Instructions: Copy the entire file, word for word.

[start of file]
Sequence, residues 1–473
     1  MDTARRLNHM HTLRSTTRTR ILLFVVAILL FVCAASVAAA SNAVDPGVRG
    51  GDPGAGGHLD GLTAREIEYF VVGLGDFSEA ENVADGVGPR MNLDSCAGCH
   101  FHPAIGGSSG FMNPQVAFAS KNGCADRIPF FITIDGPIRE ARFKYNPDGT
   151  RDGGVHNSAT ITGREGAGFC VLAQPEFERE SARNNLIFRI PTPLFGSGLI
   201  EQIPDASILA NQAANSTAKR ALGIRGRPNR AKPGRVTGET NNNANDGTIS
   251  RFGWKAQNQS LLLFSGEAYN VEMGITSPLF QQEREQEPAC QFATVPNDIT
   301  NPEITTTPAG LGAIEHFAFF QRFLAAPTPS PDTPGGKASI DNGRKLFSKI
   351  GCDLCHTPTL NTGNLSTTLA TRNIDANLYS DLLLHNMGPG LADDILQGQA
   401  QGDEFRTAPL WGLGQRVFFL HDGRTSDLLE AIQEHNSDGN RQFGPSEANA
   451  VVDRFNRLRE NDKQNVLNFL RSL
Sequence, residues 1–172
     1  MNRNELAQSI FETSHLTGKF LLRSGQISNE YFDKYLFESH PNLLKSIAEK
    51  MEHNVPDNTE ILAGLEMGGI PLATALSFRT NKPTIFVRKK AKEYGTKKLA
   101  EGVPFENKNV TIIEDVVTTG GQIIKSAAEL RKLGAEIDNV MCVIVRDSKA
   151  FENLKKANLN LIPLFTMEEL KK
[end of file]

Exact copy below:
Sequence, residues 1–473
     1  MDTARRLNHM HTLRSTTRTR ILLFVVAILL FVCAASVAAA SNAVDPGVRG
    51  GDPGAGGHLD GLTAREIEYF VVGLGDFSEA ENVADGVGPR MNLDSCAGCH
   101  FHPAIGGSSG FMNPQVAFAS KNGCADRIPF FITIDGPIRE ARFKYNPDGT
   151  RDGGVHNSAT ITGREGAGFC VLAQPEFERE SARNNLIFRI PTPLFGSGLI
   201  EQIPDASILA NQAANSTAKR ALGIRGRPNR AKPGRVTGET NNNANDGTIS
   251  RFGWKAQNQS LLLFSGEAYN VEMGITSPLF QQEREQEPAC QFATVPNDIT
   301  NPEITTTPAG LGAIEHFAFF QRFLAAPTPS PDTPGGKASI DNGRKLFSKI
   351  GCDLCHTPTL NTGNLSTTLA TRNIDANLYS DLLLHNMGPG LADDILQGQA
   401  QGDEFRTAPL WGLGQRVFFL HDGRTSDLLE AIQEHNSDGN RQFGPSEANA
   451  VVDRFNRLRE NDKQNVLNFL RSL
Sequence, residues 1–172
     1  MNRNELAQSI FETSHLTGKF LLRSGQISNE YFDKYLFESH PNLLKSIAEK
    51  MEHNVPDNTE ILAGLEMGGI PLATALSFRT NKPTIFVRKK AKEYGTKKLA
   101  EGVPFENKNV TIIEDVVTTG GQIIKSAAEL RKLGAEIDNV MCVIVRDSKA
   151  FENLKKANLN LIPLFTMEEL KK